Like most Palladian designs, the house is symmetrical in form, facade, and floor plan, a balance originally reinforced by two outbuildings that stood nearly perpendicular to the main block. These "flankers" were meant to be tied to the house by curving structures, like outstretched arms, to form a classic Palladian ensemble. We know what the flankers, destroyed in the late 19th century, looked like. What about the arms? What did they look like? And what happened to those consummate Palladian flourishes?
Enter the mysterious watercolor painting. The arms, or colonnades, visible in the watercolor intrigued the historians and archaeologists at Drayton Hall. Previous evidence had led them to believe that railings atop low brick walls flanked the house, but the tinted image clearly showed more substantial, covered connectors distinguished by rows of columns.
Once archaeologists began excavating last fall, more evidence came to light supporting the watercolor's veracity—and the existence of colonnades. A dig at the northwest corner of the main house revealed a short row of bricks, extending outward. "These suggested a colonnade on top of a brick foundation," says Carter Hudgins, Drayton Hall's archaeologist and director of preservation. Its walls, roof, and columns may have been wood, perhaps plastered to look like stone. Artifacts from the 1720s and 1730s—pottery shards, mainly—imply that the structure rose about the same time as the house.
Hoping to prove the colonnades' existence more conclusively, Hudgins peeled back the soil near the north flanker's footprint. There he found bricks he believes are a continuation of the row near the house. Tying them definitively to a colonnade is difficult, but Hudgins did find another crucial piece of evidence: The earth directly below the bricks was darker than the surrounding orange clay, indicating a builder's trench from the period when the colonnade would have been built. "This is our most important find," says Hudgins, "Above-ground evidence of the colonnade has been lost, yet the construction footprint is still visible from [this] organic material."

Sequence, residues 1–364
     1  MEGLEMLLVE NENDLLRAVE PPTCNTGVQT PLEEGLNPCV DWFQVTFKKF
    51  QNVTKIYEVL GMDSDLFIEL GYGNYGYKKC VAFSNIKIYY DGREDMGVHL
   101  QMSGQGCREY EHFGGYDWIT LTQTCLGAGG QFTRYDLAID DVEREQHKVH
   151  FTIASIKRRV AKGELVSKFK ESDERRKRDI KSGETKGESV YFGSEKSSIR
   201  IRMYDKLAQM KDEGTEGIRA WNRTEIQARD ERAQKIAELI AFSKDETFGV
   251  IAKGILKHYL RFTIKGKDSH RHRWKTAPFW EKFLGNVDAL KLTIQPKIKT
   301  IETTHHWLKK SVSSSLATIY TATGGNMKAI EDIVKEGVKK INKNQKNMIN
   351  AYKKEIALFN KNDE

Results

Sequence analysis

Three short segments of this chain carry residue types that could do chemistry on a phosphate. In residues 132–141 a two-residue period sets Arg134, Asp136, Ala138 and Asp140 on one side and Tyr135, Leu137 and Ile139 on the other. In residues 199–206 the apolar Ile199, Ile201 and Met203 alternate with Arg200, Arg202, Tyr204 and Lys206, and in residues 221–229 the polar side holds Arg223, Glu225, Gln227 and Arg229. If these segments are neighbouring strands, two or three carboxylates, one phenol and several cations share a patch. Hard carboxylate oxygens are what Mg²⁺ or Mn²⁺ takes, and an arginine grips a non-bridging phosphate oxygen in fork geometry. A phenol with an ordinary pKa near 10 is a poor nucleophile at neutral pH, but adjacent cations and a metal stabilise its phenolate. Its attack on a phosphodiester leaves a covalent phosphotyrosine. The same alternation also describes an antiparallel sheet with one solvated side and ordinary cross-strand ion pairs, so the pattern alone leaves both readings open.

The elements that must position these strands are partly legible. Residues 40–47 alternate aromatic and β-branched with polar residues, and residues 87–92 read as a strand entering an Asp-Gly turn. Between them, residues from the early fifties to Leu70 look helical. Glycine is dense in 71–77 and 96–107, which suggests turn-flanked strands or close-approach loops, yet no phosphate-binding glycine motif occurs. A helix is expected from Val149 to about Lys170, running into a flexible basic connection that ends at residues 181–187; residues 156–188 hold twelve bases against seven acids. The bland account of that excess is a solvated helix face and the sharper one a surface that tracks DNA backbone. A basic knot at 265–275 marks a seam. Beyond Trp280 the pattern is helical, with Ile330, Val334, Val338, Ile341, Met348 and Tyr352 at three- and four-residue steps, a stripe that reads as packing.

Other questions remain about the colonnades' function, and when and why they might have come down. "Since the property was occupied by the British during the Revolutionary War," says Craig Tuminaro, Drayton Hall's director of museum interpretation, "they may have cut them down for firewood. Then they may have been replaced in the early 19th century with the railings, typical of the landscape approach of that period."
Tuminaro and other experts hope to learn more when excavations resume this fall. Subsequent research may lead them to Winchester, Va. "If we find the person who has the watercolor …" says McDaniel hopefully. "Another piece of sleuthing will be to see if the paper itself has a watermark or other feature showing it to be from the 1760s." Who knows what may surface next, under the grass or in an archive? "That's what history is so much about—trying to solve mysteries."
If Drayton Hall is the polished gem—a beautifully preserved Palladian building where archaeology helps to illuminate the past—the house called Battersea in Petersburg, Va., is a rougher diamond.
At first glance, Battersea seems entirely different from Drayton Hall. It is smaller, longer, lower, and whiter, and wears an almost fragile air—as if someone had gently set a line of little boxes onto this 37-acre site along the Appomattox River. Yet Battersea, like its Carolina cousin, was born into the Palladian family.
John Banister, an early industrialist who ran flour and lumber mills at the nearby falls of the Appomattox, completed Battersea in 1768. Banister was the first mayor of Petersburg, a growing commercial center, and rose in colonial politics, signing the Articles of Confederation in 1778. His house, at the west end of town, is an Anglo-Palladian five-part villa—a two-story central block flanked in a straight line by one-story "hyphens" and end pavilions. It is mostly one room deep. "Rather than build a huge house," says John Zeugner IV, a board member of Battersea Inc., which plans to restore the property, "he wanted something more suited to his needs—like Italy in the late 1400s when they started to cautiously move out into the countryside."